Review: Battlefield Bad Company 2

Jordan Deam | 11 Mar 2010 13:00
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Bad Company 2 adds a couple unique mechanics that help you better take advantage of these sprawling environments. The first is the option to join a squad of three other players in the game's Rush and Conquest modes. Staying with your squad gives you a huge tactical advantage, but there's more to it than that: If you die, you can opt to respawn next to one of your squadmates rather than a respawn point. As long as your buddy isn't taking fire when you click the button, you can stay right in the thick of the action without having to deal with much downtime. Just as important is the ability to spot and call out enemy locations to your teammates. Hitting the "social" button while a target is roughly centered in your reticle temporarily adds an orange marker above your enemy's head and shows his location on the minimap - once that happens, it's much harder for him to escape.

The game's multiplayer offers a slightly modified version of its predecessor's class and unlock system. By playing as one of the four main classes, you earn both general and class-specific experience that goes toward new weapons, gadgets and "specializations" that function pretty much like perks. Surprisingly, even some of the most basic class abilities aren't available to you until after you've reached a certain number of points: As the medic class, you start out with a light machine gun but don't gain access to your medkit ability until after you've ranked up once. It's a minor quibble, but when it can take over an hour to accumulate enough points to earn the Repair Gun as an engineer or the Sensor Ball as a recon, it's frustrating to pour your time and energy into leveling a class that doesn't interest you.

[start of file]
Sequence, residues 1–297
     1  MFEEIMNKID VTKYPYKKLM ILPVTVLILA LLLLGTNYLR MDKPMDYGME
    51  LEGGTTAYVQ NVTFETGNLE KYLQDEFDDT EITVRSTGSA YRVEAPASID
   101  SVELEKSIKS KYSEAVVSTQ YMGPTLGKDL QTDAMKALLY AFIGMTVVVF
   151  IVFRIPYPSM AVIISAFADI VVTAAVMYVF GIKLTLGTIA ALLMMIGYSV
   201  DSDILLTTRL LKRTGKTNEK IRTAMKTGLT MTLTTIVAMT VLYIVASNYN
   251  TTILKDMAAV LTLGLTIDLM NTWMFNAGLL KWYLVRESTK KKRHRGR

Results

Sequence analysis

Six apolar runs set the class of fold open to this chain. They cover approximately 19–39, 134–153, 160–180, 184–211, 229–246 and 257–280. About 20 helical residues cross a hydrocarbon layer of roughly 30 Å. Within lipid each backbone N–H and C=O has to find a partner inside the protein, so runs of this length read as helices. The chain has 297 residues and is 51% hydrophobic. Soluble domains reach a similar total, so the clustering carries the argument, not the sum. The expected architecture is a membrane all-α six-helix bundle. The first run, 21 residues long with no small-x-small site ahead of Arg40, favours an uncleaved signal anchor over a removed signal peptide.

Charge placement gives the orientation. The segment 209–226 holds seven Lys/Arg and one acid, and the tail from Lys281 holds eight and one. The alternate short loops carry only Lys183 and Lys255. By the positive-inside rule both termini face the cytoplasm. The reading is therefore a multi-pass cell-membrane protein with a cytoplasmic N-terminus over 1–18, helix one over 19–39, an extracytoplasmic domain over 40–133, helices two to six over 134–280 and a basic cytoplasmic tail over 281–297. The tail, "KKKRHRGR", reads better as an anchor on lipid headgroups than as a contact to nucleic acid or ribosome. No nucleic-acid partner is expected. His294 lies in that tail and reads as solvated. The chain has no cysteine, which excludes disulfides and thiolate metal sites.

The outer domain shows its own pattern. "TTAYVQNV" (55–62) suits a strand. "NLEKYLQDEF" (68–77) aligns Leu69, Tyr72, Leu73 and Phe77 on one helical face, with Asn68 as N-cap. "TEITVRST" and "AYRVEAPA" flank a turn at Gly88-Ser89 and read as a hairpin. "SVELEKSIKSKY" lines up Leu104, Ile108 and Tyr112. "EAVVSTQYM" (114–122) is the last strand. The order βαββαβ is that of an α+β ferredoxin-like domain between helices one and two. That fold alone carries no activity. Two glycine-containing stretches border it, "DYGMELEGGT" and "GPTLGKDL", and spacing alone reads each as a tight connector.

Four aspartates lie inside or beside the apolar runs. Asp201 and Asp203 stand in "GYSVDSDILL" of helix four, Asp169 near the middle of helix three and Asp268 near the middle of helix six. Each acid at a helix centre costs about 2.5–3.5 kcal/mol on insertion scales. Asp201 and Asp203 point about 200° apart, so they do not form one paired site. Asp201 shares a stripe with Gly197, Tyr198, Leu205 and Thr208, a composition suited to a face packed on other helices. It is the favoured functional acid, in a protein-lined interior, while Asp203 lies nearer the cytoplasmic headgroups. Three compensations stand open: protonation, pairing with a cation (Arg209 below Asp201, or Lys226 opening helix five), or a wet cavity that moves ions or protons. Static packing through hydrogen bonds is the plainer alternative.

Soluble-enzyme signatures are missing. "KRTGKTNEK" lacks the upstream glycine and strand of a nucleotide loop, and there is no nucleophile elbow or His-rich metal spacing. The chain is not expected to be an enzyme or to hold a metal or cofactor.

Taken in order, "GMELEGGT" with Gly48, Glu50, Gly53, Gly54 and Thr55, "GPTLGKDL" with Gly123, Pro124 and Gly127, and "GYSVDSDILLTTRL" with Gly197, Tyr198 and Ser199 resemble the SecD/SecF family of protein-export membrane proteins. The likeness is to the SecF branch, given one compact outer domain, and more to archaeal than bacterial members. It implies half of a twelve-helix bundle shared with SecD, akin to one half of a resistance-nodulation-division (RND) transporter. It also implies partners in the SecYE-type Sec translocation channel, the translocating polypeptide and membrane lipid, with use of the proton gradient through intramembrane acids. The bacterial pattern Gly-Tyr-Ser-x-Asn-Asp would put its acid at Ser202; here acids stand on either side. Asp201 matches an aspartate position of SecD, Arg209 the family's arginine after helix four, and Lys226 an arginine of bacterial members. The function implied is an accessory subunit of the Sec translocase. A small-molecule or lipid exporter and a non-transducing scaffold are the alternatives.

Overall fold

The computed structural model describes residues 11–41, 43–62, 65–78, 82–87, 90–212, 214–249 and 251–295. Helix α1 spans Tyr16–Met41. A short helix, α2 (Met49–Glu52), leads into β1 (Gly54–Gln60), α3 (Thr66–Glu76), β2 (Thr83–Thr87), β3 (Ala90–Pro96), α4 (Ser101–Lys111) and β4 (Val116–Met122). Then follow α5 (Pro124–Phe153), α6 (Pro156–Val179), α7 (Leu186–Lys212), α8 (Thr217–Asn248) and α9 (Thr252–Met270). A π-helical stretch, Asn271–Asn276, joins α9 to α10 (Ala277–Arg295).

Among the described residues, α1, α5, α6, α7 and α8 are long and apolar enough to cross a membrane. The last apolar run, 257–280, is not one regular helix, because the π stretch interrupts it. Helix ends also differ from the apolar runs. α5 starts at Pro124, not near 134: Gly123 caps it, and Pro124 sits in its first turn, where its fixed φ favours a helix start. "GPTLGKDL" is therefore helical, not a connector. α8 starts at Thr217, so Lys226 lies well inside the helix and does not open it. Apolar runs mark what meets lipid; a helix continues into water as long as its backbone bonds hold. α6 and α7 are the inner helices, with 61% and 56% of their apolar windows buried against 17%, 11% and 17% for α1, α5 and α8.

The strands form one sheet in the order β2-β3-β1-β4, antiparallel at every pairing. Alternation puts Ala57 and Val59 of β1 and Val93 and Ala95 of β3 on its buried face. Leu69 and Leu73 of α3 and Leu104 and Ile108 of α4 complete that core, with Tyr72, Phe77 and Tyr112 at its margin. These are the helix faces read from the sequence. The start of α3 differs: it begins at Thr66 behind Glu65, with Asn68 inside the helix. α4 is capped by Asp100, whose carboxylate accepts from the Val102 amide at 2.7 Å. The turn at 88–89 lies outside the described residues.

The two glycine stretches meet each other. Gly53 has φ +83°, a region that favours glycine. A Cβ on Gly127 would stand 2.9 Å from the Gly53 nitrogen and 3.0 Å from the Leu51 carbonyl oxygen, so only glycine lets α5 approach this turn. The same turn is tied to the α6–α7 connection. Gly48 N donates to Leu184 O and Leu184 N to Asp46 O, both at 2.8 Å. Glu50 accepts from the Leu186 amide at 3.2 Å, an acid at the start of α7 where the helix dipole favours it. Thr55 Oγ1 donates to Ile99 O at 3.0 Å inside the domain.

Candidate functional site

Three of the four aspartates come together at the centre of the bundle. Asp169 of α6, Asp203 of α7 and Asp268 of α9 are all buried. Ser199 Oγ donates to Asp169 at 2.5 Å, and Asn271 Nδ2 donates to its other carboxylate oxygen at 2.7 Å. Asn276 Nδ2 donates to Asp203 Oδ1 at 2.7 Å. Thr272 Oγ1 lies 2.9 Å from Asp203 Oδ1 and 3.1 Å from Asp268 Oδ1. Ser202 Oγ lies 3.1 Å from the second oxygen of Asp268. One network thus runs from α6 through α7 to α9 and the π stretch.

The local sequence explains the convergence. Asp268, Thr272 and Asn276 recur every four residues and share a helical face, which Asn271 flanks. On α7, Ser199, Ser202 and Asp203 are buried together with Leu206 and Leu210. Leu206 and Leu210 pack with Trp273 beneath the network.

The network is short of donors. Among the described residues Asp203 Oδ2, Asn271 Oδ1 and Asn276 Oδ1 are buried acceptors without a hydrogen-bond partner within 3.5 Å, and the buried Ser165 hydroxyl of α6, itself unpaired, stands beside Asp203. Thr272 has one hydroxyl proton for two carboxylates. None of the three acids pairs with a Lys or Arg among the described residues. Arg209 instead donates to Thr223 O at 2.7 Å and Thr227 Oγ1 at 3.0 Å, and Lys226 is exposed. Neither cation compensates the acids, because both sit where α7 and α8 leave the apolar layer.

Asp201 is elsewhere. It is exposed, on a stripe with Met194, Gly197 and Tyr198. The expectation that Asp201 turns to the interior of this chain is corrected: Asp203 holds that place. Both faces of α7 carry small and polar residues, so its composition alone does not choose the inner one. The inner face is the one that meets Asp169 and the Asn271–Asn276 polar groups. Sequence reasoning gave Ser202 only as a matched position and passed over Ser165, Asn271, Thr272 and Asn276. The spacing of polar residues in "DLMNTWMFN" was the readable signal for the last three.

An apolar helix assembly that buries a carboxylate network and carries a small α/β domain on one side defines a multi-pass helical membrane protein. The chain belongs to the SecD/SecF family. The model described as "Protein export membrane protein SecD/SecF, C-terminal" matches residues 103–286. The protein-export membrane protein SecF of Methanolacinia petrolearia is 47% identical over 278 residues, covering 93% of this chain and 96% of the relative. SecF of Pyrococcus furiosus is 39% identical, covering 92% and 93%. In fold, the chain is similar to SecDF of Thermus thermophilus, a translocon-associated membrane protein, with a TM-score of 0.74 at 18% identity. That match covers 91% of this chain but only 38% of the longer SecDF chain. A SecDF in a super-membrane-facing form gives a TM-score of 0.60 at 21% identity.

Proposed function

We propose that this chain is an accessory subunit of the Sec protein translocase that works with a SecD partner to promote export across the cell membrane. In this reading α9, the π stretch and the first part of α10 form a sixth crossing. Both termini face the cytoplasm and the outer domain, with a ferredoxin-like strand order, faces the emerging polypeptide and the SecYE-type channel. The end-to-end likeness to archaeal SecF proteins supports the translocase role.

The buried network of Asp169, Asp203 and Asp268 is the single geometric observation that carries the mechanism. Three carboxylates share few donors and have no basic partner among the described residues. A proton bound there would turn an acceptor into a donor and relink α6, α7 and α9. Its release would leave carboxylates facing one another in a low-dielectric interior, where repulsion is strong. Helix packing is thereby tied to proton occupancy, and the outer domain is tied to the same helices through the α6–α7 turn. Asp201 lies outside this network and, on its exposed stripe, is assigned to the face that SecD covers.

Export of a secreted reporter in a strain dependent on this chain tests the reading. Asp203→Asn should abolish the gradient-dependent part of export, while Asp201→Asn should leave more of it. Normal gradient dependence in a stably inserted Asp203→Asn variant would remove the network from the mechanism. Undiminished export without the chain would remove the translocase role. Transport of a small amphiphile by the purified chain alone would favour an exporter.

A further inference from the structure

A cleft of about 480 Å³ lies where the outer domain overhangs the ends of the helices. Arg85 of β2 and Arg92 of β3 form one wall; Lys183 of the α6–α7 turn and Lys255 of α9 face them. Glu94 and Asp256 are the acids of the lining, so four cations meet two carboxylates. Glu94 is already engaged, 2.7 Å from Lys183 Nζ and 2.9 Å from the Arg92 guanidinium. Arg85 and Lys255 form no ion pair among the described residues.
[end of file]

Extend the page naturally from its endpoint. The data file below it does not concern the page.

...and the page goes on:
But the features that PC gamers will likely most appreciate exist off the battlefield, including dedicated server support and (at some point in the future, DICE assures) modding tools. It's possible to control every parameter in the gameplay - you can turn on or off friendly fire, allow/disallow vehicles and much more. It's perfect for the hardcore player who knows exactly what he's looking for in a server, but for more casual players who simply want to hop into a game without too much effort, Bad Company 2's multiplayer is a bit hit or miss: You may be dropped into a match on a European server, for example, automatically afflicting you with near game-breaking lag.

Bottom Line: In a field where developers are increasingly regulating every aspect of gamers' experiences, Bad Company 2 lets players tell more of the story. It's not always for the best.

Recommendation: If you primarily game on the PC, you'll probably appreciate the amount of control Bad Company 2 puts in your hands. If you don't, you may find the alternative more immediately engaging.


Jordan Deam would like to remind developers of another relevant Sun Tzu quote: "Though we have heard of stupid haste in war, cleverness has never been seen associated with long delays."

This review is based on the PC version of the game.

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